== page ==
Are Christmas tree needles destined for medicine?
Ever wondered what else could be done with your discarded Christmas tree? How about sterilizing medical implants?
Research is under way testing the use of pine needle extract in a coating to protect medical bio-devices from bacteria when implanted. Infections are a chronic problem with implants because the devices are made up partly of plastics. Plastic is like Velcro for germs.
“The only thing bacteria love more than human skin is plastic,” said Michael Schmidt, vice chairman of the microbiology and immunology department at the Medical University of South Carolina.
A major component of pine needles is turpentine, toxic enough to kill about anything, Schmidt said. In the research at the Motilal Nehru National Institute of Technology in Allahabad, India, pine needle extract is mixed with silver to provide a coating for the devices that resists bacteria.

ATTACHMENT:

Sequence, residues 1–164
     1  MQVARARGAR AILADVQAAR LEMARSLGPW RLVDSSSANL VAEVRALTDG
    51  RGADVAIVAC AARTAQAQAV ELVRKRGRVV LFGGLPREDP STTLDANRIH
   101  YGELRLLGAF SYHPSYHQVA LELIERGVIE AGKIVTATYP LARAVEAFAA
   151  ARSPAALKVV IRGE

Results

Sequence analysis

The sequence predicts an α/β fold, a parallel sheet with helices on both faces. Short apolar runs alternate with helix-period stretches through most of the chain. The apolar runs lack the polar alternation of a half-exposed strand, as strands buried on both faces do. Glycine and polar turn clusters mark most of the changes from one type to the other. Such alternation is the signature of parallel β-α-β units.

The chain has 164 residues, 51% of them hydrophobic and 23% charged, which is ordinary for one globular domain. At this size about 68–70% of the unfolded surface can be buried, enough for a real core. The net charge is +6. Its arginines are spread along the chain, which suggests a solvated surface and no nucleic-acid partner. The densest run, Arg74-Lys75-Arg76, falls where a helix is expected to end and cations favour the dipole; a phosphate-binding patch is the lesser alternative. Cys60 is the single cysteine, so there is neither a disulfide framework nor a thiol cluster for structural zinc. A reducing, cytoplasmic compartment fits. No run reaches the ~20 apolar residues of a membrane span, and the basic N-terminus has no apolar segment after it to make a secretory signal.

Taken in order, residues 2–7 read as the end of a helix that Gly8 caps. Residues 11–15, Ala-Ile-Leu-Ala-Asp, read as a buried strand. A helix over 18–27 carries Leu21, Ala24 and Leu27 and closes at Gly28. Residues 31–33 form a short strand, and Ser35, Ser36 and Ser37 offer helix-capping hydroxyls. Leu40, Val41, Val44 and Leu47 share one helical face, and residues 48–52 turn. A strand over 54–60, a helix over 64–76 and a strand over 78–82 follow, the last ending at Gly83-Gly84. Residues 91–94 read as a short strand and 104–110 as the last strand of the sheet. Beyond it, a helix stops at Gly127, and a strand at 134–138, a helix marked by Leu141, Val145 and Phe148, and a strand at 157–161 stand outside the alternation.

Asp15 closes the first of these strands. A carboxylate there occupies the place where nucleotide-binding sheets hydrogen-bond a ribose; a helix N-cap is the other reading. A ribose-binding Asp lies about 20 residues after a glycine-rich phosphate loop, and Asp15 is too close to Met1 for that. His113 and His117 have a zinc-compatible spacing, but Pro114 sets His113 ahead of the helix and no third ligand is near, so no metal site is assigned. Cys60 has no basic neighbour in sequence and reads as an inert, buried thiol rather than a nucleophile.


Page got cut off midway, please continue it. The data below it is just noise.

Silver, it turns out, also is pretty toxic. The term “blue bloods” for the wealthy came from the use of pure silver utensils, which turned their skin blue, Schmidt said.
So the researcher’s idea is that a little of both is less toxic than either one.
“They’re playing the game of ‘what does not kill you makes you stronger,’ ” he said.
Poushpi Dwivedi of the research team in India put it more delicately in a news release: “The size and percentage of the particles produced can be easily controlled,” she said.
The research is great news with great potential, Schmidt said. “But they have a lot of ‘heavy lifting’ left to do” to demonstrate it’s both safe and effective.
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